Researchers can use the Browse function to scan, e.g., textual studies of King Lear, translations of the sonnets, films of Henry V, works on the teaching of Shakespeare, or editions of Hamlet. Cross-references are linked to their respective main entry; essays from an edited collection are linked to the entry for the collection.
Entries are searchable by creator, title, subject, keyword, phrase, date, language, publisher, and/or periodical title. Also, users can click on cross-references to access related records (hypertext links identify related works such as responses and continuations).
The World Shakespeare Bibliography Online allows users to take advantage of hypertext technology to search thousands of records to isolate, within seconds, works possibly relevant to their research. For example, users can identify and print or download articles published after 1985 on Hamlet’s age; everything written in English and French about the ending of King Lear; all studies of the instability of Shakespeare’s text; all discussions by Northrop Frye of the comedies; articles in German and published after 1985 that offer a feminist, poststructuralist, or Freudian reading of Macbeth; all productions directed by Deborah Warner; all roles played by Sir Ian McKellen; all articles that discuss how to teach The Tempest in the elementary grades; all reviews of Peter Brook’s La tempête; all studies of a character type (such as the Vice or machiavel), theme, image, or trope.
Navigating the Site
- Browse: The Browse feature will allow you to view all of the records in a specific category.
- Simple: Results from the simple search are obtained by searching against the author, title, publisher, notes, reviews, and people fields; it is a good way to find information quickly, although result sets can be quite large.
- Advanced: The advanced search will look only in the fields that have keywords specified and is a good way to get more specific results (e.g., if you are seeking only titles containing a specific word by a specific author).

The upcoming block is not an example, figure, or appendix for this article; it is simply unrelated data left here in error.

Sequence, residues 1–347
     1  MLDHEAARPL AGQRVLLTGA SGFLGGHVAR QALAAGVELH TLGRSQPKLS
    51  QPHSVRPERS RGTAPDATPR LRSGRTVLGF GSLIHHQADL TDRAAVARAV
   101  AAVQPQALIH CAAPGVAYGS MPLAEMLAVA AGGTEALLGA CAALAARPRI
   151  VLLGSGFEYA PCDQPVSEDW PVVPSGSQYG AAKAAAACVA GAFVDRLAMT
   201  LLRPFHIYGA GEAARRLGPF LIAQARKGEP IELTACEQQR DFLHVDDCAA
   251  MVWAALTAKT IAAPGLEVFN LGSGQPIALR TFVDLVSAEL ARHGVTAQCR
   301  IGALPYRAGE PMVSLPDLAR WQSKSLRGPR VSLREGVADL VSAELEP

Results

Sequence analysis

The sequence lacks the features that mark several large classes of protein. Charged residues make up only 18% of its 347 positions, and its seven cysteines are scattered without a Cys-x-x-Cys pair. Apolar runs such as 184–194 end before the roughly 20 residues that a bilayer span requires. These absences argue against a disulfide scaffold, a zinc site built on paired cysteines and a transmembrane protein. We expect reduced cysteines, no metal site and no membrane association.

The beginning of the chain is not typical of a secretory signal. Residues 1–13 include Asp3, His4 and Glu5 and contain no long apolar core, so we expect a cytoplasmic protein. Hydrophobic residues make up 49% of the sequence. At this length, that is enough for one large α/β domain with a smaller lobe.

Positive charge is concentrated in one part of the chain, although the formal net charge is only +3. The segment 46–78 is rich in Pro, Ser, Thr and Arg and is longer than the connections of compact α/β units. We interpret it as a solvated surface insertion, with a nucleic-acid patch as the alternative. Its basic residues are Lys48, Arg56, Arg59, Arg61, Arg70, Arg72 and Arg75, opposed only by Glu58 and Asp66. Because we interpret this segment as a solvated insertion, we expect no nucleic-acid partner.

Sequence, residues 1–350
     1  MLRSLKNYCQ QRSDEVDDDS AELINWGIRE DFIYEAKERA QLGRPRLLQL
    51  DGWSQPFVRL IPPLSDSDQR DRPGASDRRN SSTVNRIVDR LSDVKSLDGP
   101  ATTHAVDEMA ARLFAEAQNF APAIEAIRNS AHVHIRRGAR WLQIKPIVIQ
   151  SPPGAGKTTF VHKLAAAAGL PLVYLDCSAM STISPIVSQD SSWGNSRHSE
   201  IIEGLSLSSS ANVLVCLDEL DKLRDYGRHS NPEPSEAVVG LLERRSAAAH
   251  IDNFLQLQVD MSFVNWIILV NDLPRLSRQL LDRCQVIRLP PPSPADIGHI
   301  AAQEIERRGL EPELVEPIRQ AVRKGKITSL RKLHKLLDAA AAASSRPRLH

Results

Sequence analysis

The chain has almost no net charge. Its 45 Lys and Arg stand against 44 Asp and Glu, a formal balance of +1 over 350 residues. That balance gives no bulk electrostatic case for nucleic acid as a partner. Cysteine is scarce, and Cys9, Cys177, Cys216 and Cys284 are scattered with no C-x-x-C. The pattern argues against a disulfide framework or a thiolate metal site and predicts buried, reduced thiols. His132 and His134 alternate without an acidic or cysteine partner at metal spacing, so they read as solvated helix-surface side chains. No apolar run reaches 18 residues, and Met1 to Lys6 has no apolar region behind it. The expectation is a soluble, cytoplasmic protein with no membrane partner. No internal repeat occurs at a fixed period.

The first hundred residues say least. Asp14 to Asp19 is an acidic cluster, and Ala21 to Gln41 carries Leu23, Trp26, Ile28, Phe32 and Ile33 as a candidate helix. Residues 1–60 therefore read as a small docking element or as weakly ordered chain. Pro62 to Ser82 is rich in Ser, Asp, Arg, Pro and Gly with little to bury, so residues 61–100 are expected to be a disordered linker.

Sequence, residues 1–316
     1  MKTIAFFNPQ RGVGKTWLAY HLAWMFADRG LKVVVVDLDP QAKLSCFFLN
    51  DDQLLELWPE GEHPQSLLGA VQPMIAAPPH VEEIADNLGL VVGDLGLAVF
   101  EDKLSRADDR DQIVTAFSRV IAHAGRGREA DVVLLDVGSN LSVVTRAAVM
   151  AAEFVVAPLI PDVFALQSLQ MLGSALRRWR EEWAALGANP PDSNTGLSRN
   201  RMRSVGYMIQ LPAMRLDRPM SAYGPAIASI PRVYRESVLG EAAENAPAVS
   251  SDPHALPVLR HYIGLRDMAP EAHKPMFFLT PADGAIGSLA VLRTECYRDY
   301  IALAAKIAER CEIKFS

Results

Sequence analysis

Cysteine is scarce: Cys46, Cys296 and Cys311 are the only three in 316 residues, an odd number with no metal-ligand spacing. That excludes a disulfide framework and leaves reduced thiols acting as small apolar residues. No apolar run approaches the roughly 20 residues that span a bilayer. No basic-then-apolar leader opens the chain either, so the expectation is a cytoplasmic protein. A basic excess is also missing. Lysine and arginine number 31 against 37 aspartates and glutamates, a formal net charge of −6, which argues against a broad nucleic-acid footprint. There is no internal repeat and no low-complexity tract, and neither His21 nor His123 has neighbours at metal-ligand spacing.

Searches can include search individual terms, phrases (indicated by enclosing the terms in double quotes (“ ”), and Boolean operators. For example, using the Simple Search interface a search for CD-ROM publications by James Harner might be entered like this: cd-rom and “harner, james”
All search features provide the following sort options:
- Author: Sorts alphabetically based on the author’s last name (for multiple authors only the first one listed is used as a sorting reference).
- Date: Sorts based on year starting with the most recent. Documents with unknown publication or production dates are listed last.
- Title: Sorts alphabetically based on title.
Boolean operators (AND, OR, NOT) can be inserted along with search words or phrases in the search fields of both the basic and advanced searches.
Examples: romeo OR “juliet capulet”
juliet NOT romeo
juliet AND romeo
In addition to allowing Boolean operators directly in the search fields, the advanced search offers the option to join the search fields with either an AND or an OR operator by selecting the appropriate value from the radio buttons at the top of the menu. If the OR operator is selected, results will be obtained based on finding ANY values returned from each of the search fields. This will produce more results, but the search will be less focused than with the AND operator, which only displays results based on the records which appear in the results of ALL fields being searched.
By default, all words in a search field are joined with the AND operator.
The Language and Document Type fields in the advanced search will not be affected by the Boolean operator and will always be used to limit your search results to the selections specified.
The asterisk symbol (*) can be used to represent one or more variable characters. For instance, if you wanted to find entries that contain the words DREAM, DREAMS, and DREAMING, you could input dream* to find all three.
The question mark (?) can be used to represent a single variable character. For instance, searching wom?n brings up results for women, woman, and womyn.
To find a complete phrase, search it in quotation marks. "To be or not to be" in quotation marks brings up only those entries that have the full phrase.